Sahhaf, Mohammed Said al-
Mohammed Said al-Sahhaf
Iraqi information minister known for his defiant and overly optimistic statements during the 2003 Iraq War
"I reassure you Baghdad is safe. There is no presence of the American columns in the city of Baghdad. None at all."
Mohammed Said al-Sahhaf quoted in War on Baghdad.
As Iraq's Information Minister, Mohammed Said al-Sahhaf was the main public spokesman for Saddam Hussein's government during the 2003 Iraq War. He became known for the vast array of colorful insults he used to describe the American and British troops that were invading his country. As the U.S.-led coalition of more than thirty-five countries closed in on Baghdad, al-Sahhaf repeatedly insisted that Iraq's army was on the verge of a major victory. Journalists gave him the nicknames "Baghdad Bob" and "Comical Ali" because of his defiant and overly optimistic statements to the media.
Rises through the ranks of Iraq's Baathist government
Mohammed Said al-Sahhaf was born in 1940 in Hilla, Iraq. His hometown is located south of Baghdad, near the city of Karbala. Like the majority of Iraq's citizens, al-Sahhaf was raised in the Shiite branch of the Islamic religion. He studied journalism at the University of Baghdad and initially planned to become an English teacher. But his career plans changed in 1963, when he became interested in politics and joined the Iraqi Baath Party.
Baathism is a radical political movement founded in the 1940s with the goal of uniting the Arab world to create one powerful Arab state. Baath means "rebirth" or "renaissance" in Arabic. The Baath Party succeeded in overthrowing the Iraqi government in 1963. The Baathists held power for less than a year before being ousted in a military coup (a sudden and violent overthrowing of the government), but they regained control of Iraq in 1968. One of the most influential figures in the Baathist government was its head of security, Saddam Hussein (see entry), who controlled the forces of violence and terror that helped the party maintain power.
Once the Baath Party returned to power in 1968, al-Sahhaf entered government service. He served as director of the Baghdad Broadcasting and Television agency for the next six years. In 1974 he was appointed as Iraq's ambassador to India. He later served as the Iraqi ambassador to Nepal and Myanmar (Burma). In 1977 he became Iraq's ambassador to the United Nations (UN).
When Hussein became president of Iraq in 1979, al-Sahhaf became one of the few Shiite members of his Sunni Muslim government. (Sunni and Shiite are the two main branches of the Islamic religion. Shiite Muslims make up about 60 percent of Iraq's population, but this majority was repressed under Hussein's Sunni-dominated regime.) He was also one of a small number of high-ranking Iraqi officials who did not come from Hussein's hometown of Tikrit in northern Iraq. Despite these differences, al-Sahhaf gradually rose through the ranks of Iraq's Ministry of Foreign Affairs. He became deputy minister in 1983, and he also served as his country's ambassador to Italy and Sweden.
Becomes Iraq's foreign minister following the 1991 Persian Gulf War
In August 1990 the Iraqi army invaded Kuwait. Hussein argued that Iraq had a historical claim to Kuwait's territory. He also wanted to control Kuwait's oil reserves and to gain access to Kuwait's port on the Persian Gulf. The invasion set in motion a series of events that ultimately led to the 1991 Persian Gulf War. Countries around the world condemned the invasion and demanded that Hussein immediately withdraw his troops from Kuwait. Many of these countries then began sending military forces to the Persian Gulf region as part of a U.S.-led coalition against Iraq. When Iraq failed to withdraw its troops from Kuwait by the UN deadline of January 15, 1991, the coalition forces launched a war. The war succeeded in liberating Kuwait from Iraqi occupation on February 27.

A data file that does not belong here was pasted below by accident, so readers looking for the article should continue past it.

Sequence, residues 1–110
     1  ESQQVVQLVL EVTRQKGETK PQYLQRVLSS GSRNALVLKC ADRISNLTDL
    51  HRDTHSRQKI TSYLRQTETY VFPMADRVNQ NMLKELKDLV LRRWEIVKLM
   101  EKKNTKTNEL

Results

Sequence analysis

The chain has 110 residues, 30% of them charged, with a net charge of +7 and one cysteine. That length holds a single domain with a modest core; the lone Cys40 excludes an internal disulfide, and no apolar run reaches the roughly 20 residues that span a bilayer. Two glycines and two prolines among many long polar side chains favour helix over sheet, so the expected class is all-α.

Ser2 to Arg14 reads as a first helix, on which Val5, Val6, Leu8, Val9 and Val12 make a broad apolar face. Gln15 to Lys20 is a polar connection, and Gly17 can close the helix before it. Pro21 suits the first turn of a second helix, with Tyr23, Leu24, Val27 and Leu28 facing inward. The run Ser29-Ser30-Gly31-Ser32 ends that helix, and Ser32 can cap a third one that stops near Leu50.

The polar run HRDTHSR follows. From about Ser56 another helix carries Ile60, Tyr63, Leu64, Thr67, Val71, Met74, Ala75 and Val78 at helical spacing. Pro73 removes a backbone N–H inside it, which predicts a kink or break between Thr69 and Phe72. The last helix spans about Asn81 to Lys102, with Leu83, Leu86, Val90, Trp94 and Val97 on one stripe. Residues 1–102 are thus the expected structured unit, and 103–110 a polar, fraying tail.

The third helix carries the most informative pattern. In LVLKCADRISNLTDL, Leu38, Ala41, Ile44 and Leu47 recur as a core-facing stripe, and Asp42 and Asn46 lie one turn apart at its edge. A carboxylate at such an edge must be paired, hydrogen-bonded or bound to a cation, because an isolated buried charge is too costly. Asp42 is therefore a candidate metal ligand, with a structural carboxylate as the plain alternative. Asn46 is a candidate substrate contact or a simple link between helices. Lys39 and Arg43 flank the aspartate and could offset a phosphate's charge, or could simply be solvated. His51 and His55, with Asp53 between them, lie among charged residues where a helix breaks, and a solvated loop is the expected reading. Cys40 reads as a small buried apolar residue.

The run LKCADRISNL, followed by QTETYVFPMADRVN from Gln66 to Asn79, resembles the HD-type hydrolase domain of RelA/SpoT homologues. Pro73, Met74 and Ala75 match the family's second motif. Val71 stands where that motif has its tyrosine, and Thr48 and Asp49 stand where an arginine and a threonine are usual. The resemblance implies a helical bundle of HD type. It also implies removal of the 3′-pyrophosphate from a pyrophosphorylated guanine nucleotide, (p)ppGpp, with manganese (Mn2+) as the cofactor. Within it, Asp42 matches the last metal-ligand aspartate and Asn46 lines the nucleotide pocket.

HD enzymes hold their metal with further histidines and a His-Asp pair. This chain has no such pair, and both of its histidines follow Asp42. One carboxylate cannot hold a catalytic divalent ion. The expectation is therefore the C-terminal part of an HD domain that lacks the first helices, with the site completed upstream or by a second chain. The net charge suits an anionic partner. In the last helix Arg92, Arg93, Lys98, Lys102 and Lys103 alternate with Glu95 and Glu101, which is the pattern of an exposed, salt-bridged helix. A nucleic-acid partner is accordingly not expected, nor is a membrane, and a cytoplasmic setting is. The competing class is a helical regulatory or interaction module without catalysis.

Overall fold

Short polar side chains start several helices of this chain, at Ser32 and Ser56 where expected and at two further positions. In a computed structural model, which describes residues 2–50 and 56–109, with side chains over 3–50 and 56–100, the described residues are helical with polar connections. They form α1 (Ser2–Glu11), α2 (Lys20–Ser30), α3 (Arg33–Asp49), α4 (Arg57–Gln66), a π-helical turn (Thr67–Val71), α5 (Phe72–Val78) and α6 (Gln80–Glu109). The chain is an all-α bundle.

As part of the agreement that officially ended the war, Iraq agreed to destroy all of its biological, chemical, and nuclear weapons. Hussein also agreed to allow UN weapons inspectors to enter the country in order to monitor its progress. As the years passed, however, Iraq consistently failed to cooperate with the UN weapons inspectors. The international community tried several different approaches to get Iraq to comply with the terms of the peace agreement, including military strikes and economic sanctions (trade restrictions intended to punish a country for violating international law), but none were effective.
In 1993, two years after the war ended, al-Sahhaf was appointed as Iraq's foreign minister. He thus became his country's top diplomat and main representative in international affairs. In this position, he faced the difficult task of explaining Iraq's refusal to cooperate with UN weapons inspections. He also tried to convince the United Nations to lift the economic sanctions that were taking a toll on Iraq's economy.
In 2001 al-Sahhaf was removed from his post as foreign minister. His performance had come under increasing criticism over the years, and he was often compared unfavorably to his predecessor, Tariq Aziz. Some foreign leaders complained that al-Sahhaf was too combative. They also noted that he did not appear to have the authority to make decisions on behalf of Hussein's government. Within Iraq, rumors circulated that Hussein's oldest son, Uday Hussein, had forced al-Sahhaf out of office. The rumors said that Uday was angry because al-Sahhaf had failed to win the support of other Arab nations for lifting the UN sanctions against Iraq.
Becomes Iraq's information minister during the 2003 Iraq War
The terrorist attacks that struck the United States on September 11, 2001, led President George W. Bush (see entry) to adopt a more aggressive policy toward nations that he considered threats to world security, such as Iraq. He argued that Iraq possessed weapons of mass destruction and could provide such weapons to terrorist groups. Although Iraq allowed the UN weapons inspectors to return in late 2002, Bush was not satisfied and threatened to take military action to disarm Iraq and remove Hussein from power.
As the ongoing disagreements between Iraq and the United States escalated toward war, al-Sahhaf was appointed as Iraq's minister of information. Since Hussein limited his public appearances out of concern for his own safety, al-Sahhaf often served as main spokesman for the Iraqi regime. But al-Sahhaf was still viewed as an outsider within the top levels of Hussein's government during this time. In fact, some Iraqis claimed that his appointment as information minister reflected Hussein's indifference about al-Sahhaf's life and future.